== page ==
Television
Feb 16, 2012

USA NETWORK PRESENTS CHARACTERS UNITE

Living in Hollywood is all about keeping up appearances. Everyone has a bevy of publicists, managers and agents around them at all times making sure they look picture perfect and say the right thing.  This Wednesday night, they were allowed to let their guard down just a little bit. Through New York’s non-profit storytelling organization The Moth, the USA Network has been giving prominent figures throughout America the chance to tell a personal story on stage.

The result was a mostly improvised night of stories straight from the heart told directly to you from someone that you’ve seen through the lens of the media but never gotten the chance to know as a person. No notecards or aid of any kind were allowed.

Known as Characters Unite, the public service campaign was created to combat prejudice and discrimination. This was the last stop on a nine-city nationwide tour. Of course, the decision to do the show in West Hollywood (at the Pacific Design Center) was a safe one on the part of the organization. West Hollywood, or WeHo, is commonly known as a haven for the gay and lesbian community in Los Angeles. So while it is fitting to do the show there, it is also the easier choice. If the purpose is to combat prejudice it would make more sense to do the show in a place where people who are different wouldn’t be outright accepted. Their cause is noble but it is hard to educate those that already agree with you.

Regardless of that fact, the night was still fun and insightful. Hosted by the always-talented Nathan Lane the entire performance flowed smoothly and without a hitch. Lane, a natural comic, had the audience hysterical by the end of his introduction. It got to the point where, when he tried to actually be serious about halfway through the night, everyone assumed it was just another joke. Watching him let loose was a pleasure to see and is highly recommended if the chance ever arises again.

Aside from Lane, the rest of the night was filled with stories of courage and triumph over prejudices both big and small. Of the five stories told that night the one that stood out the most was that of Dustin Lance Black, academy award winning screenwriter of Milk. Black himself is relatively young, in his late 20s to early 30s and, despite being a writer, has a natural talent on stage. Clearly a bit nervous, Black told the story of how he came out to his mother, a Mormon living in rural Texas. You could tell that simply saying the story out loud was like a weight lifting off of his shoulders and by the end he could breathe a little bit better. It was a deep and personal story I’m not sure he would ordinarily tell even his closest of friends. The fact that he chose to tell it in front of a live audience made it all the more moving.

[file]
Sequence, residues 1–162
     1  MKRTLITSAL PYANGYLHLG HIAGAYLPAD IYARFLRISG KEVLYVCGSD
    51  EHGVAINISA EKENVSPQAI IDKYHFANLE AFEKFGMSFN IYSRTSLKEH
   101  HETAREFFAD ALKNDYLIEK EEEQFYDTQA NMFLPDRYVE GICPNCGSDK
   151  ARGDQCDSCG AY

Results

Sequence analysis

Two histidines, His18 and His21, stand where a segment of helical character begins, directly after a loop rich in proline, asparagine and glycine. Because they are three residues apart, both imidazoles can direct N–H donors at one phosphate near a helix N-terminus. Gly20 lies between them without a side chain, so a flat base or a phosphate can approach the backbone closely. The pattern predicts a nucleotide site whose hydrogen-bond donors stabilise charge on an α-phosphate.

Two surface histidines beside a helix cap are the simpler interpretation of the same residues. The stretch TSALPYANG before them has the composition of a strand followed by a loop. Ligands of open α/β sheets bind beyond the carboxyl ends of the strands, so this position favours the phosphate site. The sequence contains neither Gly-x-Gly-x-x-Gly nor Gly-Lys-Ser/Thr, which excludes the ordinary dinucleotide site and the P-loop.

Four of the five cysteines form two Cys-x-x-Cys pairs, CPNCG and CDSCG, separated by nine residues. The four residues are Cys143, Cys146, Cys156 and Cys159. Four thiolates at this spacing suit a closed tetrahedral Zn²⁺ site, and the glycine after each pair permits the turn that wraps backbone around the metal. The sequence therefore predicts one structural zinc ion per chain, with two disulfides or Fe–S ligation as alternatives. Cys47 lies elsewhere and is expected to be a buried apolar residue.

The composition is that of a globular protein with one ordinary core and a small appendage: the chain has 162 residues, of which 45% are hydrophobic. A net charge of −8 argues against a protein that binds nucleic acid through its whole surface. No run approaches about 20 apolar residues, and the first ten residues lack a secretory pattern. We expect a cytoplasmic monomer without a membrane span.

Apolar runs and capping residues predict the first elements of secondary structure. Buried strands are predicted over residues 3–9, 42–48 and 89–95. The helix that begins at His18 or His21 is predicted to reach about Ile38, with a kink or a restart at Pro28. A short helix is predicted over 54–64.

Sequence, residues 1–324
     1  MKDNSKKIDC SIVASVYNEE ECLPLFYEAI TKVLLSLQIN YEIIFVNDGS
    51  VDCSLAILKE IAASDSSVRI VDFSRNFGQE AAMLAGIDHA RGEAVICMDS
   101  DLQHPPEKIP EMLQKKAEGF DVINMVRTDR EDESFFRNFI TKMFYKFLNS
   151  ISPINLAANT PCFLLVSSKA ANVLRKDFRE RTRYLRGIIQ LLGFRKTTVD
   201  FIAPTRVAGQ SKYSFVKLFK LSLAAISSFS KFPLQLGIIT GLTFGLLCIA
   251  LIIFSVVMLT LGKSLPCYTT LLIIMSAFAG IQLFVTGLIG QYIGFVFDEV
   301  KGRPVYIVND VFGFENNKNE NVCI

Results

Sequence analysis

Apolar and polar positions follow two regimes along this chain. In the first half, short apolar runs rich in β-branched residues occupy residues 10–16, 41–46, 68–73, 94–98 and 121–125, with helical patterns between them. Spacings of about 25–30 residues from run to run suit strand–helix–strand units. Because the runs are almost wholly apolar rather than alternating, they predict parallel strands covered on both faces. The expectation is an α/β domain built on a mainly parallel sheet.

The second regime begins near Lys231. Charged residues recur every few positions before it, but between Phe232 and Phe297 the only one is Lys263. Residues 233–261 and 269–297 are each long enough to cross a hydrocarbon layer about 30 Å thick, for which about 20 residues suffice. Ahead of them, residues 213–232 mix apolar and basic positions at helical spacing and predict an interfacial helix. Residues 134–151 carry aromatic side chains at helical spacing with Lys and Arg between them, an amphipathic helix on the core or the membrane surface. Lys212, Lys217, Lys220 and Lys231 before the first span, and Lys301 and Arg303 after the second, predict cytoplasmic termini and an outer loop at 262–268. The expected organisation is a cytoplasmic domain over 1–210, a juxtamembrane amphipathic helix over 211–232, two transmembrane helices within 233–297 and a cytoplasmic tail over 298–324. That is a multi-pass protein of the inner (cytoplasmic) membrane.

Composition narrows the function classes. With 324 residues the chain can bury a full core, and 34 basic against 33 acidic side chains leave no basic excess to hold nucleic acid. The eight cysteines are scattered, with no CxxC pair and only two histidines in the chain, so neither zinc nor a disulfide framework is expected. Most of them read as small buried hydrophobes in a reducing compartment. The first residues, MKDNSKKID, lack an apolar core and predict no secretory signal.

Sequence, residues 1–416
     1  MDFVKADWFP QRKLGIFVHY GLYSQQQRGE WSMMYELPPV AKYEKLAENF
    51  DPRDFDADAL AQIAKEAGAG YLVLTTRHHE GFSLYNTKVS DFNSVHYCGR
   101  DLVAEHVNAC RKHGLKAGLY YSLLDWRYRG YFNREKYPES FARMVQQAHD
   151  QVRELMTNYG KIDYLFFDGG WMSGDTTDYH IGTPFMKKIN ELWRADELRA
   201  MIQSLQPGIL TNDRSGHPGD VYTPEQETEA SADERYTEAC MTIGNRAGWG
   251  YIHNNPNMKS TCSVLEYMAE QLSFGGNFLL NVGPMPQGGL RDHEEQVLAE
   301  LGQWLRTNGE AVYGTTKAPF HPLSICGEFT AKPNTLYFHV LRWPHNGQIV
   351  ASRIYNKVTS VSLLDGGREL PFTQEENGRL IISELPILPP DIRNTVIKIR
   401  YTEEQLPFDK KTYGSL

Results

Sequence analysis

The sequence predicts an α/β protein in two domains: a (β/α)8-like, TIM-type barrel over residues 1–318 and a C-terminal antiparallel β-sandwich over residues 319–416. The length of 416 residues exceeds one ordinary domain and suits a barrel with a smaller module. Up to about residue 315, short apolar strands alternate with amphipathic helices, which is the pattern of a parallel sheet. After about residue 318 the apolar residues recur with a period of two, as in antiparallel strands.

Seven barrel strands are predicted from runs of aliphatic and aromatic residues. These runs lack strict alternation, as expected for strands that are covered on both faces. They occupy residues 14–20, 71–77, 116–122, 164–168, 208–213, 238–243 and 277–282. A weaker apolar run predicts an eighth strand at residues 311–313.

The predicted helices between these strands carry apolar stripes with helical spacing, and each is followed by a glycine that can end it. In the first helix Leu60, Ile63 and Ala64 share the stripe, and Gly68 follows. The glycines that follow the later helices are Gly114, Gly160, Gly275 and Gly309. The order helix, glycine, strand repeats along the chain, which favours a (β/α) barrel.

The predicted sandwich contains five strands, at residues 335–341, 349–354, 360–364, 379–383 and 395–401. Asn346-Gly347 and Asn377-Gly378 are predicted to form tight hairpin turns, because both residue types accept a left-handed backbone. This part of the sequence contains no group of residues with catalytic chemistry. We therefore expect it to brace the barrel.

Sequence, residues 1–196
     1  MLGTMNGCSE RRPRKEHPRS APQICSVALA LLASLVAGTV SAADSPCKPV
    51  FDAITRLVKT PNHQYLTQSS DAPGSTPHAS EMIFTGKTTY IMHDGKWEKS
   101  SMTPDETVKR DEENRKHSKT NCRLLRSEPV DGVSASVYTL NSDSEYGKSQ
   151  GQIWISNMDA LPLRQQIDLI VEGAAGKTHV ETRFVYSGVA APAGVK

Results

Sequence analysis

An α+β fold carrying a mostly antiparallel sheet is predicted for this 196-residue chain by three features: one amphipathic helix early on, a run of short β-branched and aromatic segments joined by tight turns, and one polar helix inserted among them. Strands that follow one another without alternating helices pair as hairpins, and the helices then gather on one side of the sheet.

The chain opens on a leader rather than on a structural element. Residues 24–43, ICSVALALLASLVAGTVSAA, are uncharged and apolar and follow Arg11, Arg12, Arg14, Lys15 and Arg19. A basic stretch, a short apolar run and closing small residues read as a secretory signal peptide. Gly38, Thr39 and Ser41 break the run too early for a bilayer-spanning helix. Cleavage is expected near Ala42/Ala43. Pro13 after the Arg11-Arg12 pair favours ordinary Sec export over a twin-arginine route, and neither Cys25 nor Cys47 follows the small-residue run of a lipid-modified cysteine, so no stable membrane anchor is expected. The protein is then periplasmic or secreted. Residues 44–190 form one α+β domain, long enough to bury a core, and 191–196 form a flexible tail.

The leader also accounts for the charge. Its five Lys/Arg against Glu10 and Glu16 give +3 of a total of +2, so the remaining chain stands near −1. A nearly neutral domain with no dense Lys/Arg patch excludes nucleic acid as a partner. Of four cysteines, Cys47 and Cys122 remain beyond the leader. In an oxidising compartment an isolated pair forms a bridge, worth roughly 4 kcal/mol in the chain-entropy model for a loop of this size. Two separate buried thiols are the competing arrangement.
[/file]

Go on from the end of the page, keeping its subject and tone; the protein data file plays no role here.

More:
Five people told their stories that night and dismissing one over the other would not be right. After all these aren’t simply jokes or fictional accounts these are events that actually happened to the people on stage. For that reason, The Moth storytelling series is truly admirable. Every single person has a story to tell and the organization truly wants to listen. Since the organization first began in 1997 they have archived hundreds stories and brought them to public attention through live performances and podcasts. You don’t have to be a celebrity either, just go on to the organization’s site and record a one-minute pitch of the story you would like to tell. If they like it, the organization will ask you to tell it in full and keep it on record for future generations to enjoy.

“When somebody gets up in front of everybody and tells a story it reminds us of our humanity,” said actor Matt Bomer of the television show White Collar, who had officially come out of the closet the night before. “When somebody who might be outside your comfort zone, be it because of their religion, their race, their sexual preference [or] their handicap gets up and says their story and their experience in front of you, a little bit of ignorance melts away in all of us and we realize we are all basically the same.”